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Sarkozy’s Islam comments poorly timed 23, June 2009

Posted by thegulfblog.com in French IR, Middle East, Qatar.
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French Emperor President Nicholas Sarkozy has controversially stated that the Islamic Burka is not welcome in France:

The problem of the burka is not a religious problem, it’s a problem of liberty and women’s dignity. It’s not a religious symbol, but a sign of subservience and debasement. I want to say solemnly, the burka is not welcome in France. In our country, we can’t accept women prisoners behind a screen, cut off from all social life, deprived of all identity. That’s not our idea of freedom.

Many worry that overt symbols of Islam such as the Burka or girls wearing the Veil in schools (as well as anyone wearing any religious symbolism in schools) threaten France’s secular nature.

These comments come, however, during the visit of the Emir of Qatar, Hamad Al Thani, to France. Qatar is something of a confusing country. Outwardly, they host Al Jazeera, allow alcohol consumption in the state, invite Western Universities to Doha to teach their children, but they are intrinsically a conservative country and follow the strict, much maligned Wahhabi version of Islam, as in Saudi Arabia. Conservative or not, such comments are sure to be provocative in a country where France wants to secure lucrative defense and other types of contracts. Indeed, this visit officially celebrates Qatar Airway’s purchase of Airbus aircraft at a time when the aviation industry isn’t far from on its knees.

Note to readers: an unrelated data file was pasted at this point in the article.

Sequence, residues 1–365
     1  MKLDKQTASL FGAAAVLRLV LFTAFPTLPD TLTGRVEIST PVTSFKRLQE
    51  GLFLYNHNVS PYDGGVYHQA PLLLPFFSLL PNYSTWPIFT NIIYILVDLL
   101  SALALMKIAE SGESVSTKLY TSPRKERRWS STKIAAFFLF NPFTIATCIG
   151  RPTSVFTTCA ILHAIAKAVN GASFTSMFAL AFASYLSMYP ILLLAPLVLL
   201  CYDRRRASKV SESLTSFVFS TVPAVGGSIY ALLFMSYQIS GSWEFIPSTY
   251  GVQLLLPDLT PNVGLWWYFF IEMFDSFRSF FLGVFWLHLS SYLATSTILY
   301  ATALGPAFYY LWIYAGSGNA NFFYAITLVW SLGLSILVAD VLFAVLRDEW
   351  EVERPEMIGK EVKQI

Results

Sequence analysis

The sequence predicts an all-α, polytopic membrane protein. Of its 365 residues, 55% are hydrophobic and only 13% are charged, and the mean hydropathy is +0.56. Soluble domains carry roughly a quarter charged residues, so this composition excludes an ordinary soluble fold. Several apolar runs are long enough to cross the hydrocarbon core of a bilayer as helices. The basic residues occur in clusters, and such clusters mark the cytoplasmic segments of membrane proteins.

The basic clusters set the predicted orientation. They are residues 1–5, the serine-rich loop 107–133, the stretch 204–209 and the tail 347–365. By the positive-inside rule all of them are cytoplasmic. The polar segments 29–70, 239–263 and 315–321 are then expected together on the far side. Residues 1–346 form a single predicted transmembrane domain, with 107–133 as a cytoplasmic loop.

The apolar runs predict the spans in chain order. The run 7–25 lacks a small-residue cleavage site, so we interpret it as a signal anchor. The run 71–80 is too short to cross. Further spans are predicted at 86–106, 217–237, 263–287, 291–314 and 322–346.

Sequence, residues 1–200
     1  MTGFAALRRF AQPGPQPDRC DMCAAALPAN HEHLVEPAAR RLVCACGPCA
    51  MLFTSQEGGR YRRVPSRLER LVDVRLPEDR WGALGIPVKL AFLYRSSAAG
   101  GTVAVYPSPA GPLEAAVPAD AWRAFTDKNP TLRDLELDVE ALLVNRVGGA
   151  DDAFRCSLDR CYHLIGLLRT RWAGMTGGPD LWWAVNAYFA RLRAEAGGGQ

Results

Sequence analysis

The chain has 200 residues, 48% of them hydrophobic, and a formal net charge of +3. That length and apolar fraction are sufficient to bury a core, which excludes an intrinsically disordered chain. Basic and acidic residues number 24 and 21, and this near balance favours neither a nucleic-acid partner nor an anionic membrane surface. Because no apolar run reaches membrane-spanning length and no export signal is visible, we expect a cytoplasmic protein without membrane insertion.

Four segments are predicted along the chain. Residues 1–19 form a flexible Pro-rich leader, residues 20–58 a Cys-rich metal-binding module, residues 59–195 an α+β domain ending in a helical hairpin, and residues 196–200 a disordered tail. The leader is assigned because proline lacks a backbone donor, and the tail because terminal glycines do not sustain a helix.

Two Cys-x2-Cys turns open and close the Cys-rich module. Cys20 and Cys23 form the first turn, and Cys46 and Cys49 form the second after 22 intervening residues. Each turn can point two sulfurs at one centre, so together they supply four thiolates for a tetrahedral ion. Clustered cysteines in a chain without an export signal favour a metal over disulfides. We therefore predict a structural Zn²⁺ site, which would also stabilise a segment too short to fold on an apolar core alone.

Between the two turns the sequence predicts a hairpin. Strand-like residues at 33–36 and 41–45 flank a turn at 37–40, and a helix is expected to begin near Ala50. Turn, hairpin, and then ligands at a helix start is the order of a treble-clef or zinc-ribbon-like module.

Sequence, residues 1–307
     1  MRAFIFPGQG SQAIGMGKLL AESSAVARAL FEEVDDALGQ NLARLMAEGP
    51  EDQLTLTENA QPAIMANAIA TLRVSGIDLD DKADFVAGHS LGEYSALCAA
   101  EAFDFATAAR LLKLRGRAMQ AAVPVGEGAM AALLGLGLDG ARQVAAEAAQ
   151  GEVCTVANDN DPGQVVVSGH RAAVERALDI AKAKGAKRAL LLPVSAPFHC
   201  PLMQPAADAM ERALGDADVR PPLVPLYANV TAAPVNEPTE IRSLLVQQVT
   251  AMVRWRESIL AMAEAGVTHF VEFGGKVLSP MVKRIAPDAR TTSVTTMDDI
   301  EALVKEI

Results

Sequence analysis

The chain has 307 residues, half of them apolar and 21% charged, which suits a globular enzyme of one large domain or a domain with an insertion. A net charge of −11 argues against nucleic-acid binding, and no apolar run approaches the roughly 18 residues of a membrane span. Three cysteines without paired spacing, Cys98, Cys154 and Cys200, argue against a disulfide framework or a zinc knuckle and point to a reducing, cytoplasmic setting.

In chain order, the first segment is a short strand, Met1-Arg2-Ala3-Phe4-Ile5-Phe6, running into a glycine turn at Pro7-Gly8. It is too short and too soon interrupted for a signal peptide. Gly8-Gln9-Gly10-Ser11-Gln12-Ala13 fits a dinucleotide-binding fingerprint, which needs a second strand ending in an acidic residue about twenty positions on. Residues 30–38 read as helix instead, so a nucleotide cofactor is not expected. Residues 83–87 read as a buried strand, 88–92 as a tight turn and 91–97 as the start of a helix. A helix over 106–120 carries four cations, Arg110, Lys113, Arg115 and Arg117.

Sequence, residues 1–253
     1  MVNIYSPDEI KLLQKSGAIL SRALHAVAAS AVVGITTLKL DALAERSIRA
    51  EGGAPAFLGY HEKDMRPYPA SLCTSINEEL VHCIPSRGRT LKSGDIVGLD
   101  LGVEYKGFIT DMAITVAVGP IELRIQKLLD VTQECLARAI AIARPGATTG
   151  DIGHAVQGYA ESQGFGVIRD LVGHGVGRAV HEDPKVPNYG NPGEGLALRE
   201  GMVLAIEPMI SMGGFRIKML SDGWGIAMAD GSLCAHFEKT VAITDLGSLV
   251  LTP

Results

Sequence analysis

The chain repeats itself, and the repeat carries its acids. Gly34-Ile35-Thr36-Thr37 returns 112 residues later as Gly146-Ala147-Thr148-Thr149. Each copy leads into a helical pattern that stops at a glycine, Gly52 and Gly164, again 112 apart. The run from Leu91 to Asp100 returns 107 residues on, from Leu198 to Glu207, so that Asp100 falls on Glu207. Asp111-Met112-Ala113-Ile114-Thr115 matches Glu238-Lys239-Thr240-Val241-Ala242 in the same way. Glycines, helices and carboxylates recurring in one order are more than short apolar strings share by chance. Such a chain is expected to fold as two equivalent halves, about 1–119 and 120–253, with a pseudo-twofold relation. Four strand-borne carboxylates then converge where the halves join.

One wonders how one the one hand Sarkozy wants to tow this hard-line approach at home, sure to anger many Muslims, but also seek to create ever greater links with countries in the Persian Gulf. These links range from establishing a French military base in Abu Dhabi, to supplying the Emirates with fighter- aircraft as well as ‘selling out’, as some French people see it, and allowing the Sorbonne and the Louvre to go to Abu Dhabi. Indeed, it seems like Sarkozy is seeking to let himself have cake and eat it.

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